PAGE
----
She supports extending FCP over time to cover other areas such as COPD and frail older people. ‘MSK is an obvious specialism because it’s a very defined patient population. But if you’re trying to reduce GPs’ workload and there are other definable areas physios can manage, it makes perfect sense.’
FCPs: full steam ahead
First contact physiotherapy is not a new phenomenon. But last year NHS England threw its weight behind the idea in a direct response to the GP crisis.
As a result, 41 STPs (sustainability and transformation partnerships) in England have been tasked with setting up pilots to establish whether using expert physios to take on some of GPs’ many musculoskeletal patients would reduce their workload and improve patient outcomes.
Some of these pilots are based on existing services while others have been set up from scratch, meaning not all have yet got off the ground. But initial results from the early starters are encouraging with GP caseloads reduced, secondary referrals down and costs slashed by up to a third. Although full evaluation data from the projects won’t be available until later this year, the government has signalled its confidence by calling for a further expansion of FCPs in its new NHS Long-Term Plan.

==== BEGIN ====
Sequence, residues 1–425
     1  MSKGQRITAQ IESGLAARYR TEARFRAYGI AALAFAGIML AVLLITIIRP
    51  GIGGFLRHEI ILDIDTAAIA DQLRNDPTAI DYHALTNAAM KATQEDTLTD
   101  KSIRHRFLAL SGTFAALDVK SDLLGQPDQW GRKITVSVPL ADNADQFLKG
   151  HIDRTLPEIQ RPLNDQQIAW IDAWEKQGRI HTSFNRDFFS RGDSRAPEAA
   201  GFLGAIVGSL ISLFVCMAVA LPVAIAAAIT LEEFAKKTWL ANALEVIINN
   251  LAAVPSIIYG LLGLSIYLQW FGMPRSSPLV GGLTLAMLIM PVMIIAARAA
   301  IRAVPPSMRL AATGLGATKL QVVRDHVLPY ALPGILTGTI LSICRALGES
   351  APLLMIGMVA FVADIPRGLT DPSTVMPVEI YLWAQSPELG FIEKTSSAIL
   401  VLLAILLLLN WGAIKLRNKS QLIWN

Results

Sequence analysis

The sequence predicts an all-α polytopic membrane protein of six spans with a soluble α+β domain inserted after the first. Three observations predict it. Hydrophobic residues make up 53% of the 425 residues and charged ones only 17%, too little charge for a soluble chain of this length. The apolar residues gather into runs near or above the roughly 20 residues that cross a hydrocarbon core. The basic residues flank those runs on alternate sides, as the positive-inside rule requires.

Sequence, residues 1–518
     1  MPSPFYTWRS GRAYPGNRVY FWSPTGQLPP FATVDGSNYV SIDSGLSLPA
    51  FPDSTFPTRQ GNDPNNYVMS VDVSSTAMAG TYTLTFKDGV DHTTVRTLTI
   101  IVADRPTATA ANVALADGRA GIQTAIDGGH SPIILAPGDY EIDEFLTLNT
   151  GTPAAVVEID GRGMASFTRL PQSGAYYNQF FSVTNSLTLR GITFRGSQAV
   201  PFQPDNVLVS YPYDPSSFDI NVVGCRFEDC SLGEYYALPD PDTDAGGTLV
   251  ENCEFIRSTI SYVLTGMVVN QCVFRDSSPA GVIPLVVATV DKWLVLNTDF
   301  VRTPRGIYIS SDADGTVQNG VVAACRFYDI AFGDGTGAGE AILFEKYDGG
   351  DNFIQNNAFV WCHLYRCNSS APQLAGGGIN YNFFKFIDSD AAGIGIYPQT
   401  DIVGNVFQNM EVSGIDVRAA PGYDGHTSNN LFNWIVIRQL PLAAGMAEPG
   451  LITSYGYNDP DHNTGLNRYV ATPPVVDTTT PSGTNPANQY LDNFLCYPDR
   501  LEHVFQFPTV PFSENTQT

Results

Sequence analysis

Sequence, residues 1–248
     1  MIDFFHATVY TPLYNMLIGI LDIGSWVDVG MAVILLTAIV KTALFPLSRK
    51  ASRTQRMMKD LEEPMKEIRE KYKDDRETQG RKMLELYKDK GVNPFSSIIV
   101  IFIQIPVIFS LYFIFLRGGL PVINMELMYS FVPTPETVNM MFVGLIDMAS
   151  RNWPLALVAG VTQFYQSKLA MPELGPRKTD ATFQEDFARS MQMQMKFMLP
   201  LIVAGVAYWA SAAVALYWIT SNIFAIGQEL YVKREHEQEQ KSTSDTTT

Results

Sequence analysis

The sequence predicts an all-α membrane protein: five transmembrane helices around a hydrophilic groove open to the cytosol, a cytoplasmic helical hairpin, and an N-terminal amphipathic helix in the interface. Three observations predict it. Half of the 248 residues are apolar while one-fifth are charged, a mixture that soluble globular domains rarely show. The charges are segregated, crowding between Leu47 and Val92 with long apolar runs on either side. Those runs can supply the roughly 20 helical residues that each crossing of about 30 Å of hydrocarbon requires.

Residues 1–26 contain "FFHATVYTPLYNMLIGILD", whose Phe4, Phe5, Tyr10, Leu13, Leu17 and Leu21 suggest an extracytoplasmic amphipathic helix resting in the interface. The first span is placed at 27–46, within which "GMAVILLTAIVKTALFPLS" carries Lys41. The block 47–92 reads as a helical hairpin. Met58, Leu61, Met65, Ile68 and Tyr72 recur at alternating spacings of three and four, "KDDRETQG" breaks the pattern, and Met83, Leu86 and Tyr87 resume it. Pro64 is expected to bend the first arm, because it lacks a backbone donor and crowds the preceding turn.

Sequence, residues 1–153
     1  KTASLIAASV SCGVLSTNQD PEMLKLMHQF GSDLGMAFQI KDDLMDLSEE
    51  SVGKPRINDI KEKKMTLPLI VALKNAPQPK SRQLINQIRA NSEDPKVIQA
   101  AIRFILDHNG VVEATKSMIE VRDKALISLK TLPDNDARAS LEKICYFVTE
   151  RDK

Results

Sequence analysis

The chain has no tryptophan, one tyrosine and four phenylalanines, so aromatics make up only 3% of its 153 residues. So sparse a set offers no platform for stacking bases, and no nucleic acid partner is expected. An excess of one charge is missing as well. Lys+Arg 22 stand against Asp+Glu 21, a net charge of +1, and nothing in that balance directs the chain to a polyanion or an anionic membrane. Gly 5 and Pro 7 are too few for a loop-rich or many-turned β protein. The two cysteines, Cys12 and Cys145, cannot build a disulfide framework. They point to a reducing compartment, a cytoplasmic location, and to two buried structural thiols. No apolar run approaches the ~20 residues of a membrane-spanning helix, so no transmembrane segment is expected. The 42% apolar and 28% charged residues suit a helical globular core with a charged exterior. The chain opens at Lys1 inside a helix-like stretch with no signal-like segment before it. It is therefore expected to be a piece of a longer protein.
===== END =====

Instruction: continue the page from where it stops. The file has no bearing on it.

The plan promises that more patients with MSK problems will have direct access to FCPs and that the number of physios will be increased to help this to happen.
‘This is a significant achievement for the profession and the CSP,’ says Helen Sharma, the CSP’s Interim Head of Practice. ‘Over the coming months, we will be working with members to ensure these commitments are followed through in local delivery plans. ‘We will also be exploring how the FCP model can be taken up beyond MSK, in relation to first line advice and support for people with a range of long-term conditions.’
Author: Andrew Cole